Dan Scotto, a Wall Street research icon in the 1980s and 1990s died last week and with him an era of investment research that is not likely to return.
Dan’s understanding of assets, tangible and intangible, and how they could be monetized, was ahead of its time. He taught by example and showed a generation of debt investors the value of seeing beyond the financials and understanding people.
He taught me that every discrepancy between an S&P or Moody’s rating and a bond analyst’s is a potential news story or investor opportunity. The idea was not only to be right, but to be early.
Dan spotted weaknesses in Enron early for BNP Paribas, and on August 23, 2001 changed his “buy” rating to “hold” and told clients that the bonds “should be sold at all costs and sold now.” He later told the Wall Street Journal that if he had gone with a “sell” rating instead, “I’d have been taken out to the guillotine that very day.” When he called out Enron, he had become an inadvertent “whistle-blower.” To Dan, he was simply doing his job with his trademark grace and humor.
Dan grew up in Red Hook, which at the time was an unfashionable part of Brooklyn. He marveled at the transformation and split his time between Manhattan and Greenwich, CT. Despite his impressive track record and trademark J. Press suits he was never fully comfortable in Greenwich or Manhattan, and seldom went out or traveled, except on business. He was married to the job.
Dan came up as a high-grade (corporate) bond analyst first at Standard & Poor’s and then at L.F. Rothschild, Unterberg, Tobin, the venerable high-tech underwriter, where he remained focused on corporate debt for institutional investors. His ascendance coincided with a time of declining interest rates, and a good place for a bond analyst unafraid to make buy-sell recommendations. His specialty was electric utilities, where he was revered, but he also managed other top analysts in telecommunications, banking and energy, among other industries.
Dan and his team were brilliant, but they were not the intimidating quants that some funds tout. That was not Dan’s style. He and his team trusted their ability to understand management and read between the lines – and they were almost always right. Dan did his homework, and worked closely with his friend and most trusted adviser, telecom analyst Marion Boucher (now Marion Holmes), leading a research team that won Institutional Investor “All-America” honors on a regular basis. The first year that bond analysts were included in the i.i. investor poll, Dan was number one in all categories.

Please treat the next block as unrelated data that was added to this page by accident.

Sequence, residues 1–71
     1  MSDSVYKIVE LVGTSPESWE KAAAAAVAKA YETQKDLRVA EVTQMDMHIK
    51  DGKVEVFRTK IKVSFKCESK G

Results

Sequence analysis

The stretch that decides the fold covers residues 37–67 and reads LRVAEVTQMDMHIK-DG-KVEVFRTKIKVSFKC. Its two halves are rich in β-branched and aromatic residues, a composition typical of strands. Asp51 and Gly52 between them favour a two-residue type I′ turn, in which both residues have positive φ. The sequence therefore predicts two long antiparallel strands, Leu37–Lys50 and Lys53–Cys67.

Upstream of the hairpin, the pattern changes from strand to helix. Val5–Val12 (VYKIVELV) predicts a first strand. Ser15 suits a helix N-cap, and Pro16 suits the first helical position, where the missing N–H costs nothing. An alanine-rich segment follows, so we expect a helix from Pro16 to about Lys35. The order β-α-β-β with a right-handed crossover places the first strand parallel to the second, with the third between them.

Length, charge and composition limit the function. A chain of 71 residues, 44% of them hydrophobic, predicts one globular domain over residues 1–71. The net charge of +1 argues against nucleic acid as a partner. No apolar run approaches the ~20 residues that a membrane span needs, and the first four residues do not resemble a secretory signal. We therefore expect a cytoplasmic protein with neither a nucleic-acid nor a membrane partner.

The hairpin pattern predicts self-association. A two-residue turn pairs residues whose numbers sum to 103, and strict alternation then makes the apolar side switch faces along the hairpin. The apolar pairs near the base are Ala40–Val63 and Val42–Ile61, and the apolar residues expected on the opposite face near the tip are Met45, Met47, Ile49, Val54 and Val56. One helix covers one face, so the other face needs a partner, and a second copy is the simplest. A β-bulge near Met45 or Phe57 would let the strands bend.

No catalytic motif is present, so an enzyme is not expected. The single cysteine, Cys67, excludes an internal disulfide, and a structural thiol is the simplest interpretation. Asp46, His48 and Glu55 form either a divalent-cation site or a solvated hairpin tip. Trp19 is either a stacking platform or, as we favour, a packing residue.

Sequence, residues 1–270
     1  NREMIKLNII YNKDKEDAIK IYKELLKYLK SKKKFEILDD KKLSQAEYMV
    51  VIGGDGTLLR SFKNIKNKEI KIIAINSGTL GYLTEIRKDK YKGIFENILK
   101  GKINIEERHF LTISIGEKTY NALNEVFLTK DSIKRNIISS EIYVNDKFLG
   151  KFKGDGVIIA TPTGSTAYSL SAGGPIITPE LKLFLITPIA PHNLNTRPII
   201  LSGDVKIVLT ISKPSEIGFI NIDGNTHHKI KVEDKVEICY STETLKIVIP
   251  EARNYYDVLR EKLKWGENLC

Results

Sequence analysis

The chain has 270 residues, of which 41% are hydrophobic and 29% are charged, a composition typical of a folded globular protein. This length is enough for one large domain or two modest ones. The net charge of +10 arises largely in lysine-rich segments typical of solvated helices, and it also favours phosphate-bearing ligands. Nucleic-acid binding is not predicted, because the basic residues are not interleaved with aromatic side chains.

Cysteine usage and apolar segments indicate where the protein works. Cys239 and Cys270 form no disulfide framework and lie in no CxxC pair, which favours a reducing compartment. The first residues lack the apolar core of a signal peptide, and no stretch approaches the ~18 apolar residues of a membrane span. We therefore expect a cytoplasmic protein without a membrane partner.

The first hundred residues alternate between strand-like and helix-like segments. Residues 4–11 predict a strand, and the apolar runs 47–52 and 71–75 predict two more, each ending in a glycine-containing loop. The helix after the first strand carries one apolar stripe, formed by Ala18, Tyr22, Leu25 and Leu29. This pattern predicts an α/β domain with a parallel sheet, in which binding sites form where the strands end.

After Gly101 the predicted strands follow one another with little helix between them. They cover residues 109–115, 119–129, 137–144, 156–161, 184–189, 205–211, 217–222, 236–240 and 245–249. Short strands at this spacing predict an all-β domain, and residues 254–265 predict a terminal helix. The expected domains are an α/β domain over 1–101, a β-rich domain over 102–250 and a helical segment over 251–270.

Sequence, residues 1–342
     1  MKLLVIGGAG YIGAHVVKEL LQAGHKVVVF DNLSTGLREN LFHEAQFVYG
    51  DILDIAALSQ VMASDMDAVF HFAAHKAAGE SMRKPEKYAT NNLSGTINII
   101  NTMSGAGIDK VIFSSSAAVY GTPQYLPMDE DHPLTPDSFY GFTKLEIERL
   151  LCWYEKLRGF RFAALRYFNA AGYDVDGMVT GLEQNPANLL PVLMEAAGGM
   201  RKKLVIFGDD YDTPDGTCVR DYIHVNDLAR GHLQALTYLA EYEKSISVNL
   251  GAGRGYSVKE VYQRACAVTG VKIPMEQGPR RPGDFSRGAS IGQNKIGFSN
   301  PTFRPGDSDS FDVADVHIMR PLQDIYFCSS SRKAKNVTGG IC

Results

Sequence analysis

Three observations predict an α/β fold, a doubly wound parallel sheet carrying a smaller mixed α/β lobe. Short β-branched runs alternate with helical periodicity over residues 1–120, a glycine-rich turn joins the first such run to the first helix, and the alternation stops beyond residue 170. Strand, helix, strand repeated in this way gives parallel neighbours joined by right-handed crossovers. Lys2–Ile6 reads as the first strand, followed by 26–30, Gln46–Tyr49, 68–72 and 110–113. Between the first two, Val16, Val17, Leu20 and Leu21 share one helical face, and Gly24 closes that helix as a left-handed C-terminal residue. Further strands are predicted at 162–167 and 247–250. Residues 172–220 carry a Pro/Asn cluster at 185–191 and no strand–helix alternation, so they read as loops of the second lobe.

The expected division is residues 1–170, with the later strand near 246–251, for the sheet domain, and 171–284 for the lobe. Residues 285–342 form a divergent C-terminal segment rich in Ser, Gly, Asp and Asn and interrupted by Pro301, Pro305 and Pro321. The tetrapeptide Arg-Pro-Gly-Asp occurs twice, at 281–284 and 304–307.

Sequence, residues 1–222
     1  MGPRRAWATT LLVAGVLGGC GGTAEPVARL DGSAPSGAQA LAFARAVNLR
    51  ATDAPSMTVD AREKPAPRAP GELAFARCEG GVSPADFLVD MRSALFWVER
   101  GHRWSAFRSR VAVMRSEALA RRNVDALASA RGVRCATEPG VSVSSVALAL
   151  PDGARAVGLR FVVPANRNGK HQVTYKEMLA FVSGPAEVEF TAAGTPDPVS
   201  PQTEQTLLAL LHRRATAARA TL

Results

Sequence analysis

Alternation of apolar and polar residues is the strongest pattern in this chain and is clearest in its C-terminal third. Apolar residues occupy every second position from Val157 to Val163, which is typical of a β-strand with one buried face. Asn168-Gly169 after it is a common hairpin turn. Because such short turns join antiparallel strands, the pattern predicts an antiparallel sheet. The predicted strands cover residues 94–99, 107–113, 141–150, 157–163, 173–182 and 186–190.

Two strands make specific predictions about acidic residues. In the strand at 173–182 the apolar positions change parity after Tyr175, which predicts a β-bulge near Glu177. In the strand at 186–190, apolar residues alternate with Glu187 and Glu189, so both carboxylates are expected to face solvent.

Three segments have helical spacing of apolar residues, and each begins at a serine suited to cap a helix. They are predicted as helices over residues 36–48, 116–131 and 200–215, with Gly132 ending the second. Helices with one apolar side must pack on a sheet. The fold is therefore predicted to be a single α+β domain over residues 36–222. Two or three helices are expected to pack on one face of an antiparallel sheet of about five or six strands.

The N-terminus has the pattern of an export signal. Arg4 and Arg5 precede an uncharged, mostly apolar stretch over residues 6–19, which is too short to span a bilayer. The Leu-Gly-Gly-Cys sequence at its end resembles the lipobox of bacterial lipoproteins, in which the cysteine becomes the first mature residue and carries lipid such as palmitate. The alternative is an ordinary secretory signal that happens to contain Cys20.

Investors not Bankers
At a time when basic industry research and investment banking business mattered most, Dan focused on investors’ needs, and they loved him. After L.F. Rothschild (which Dan liked to call “the Brooklyn Rothschild”) he went to Wall Street powerhouse Donaldson, Lufkin & Jennette (DLJ), which eventually was absorbed into Credit Suisse, and then to Bear Stearns, in its time one of the fiercest firms on the Street, where he and his high-grade team achieved top research honors.
Dan could be a tortured soul – especially if things did not go right or when people disappointed him. He was proud of his unprecedented nine-year number one “All-American” ranking – something he knew that he had to earn annually. He was cynical about Wall Street, especially bankers who used him as deal-bait, and traders, who saw him as overhead that took bonus money out of their pockets.
Dad will be remembered not only for his instincts and dedication, but also for his loyalty, good humor, incisive and and often playful written reports, and, most importantly, his generosity of spirit. He will be missed.
Rest in peace.
Image source: Whitehall Financial Advisors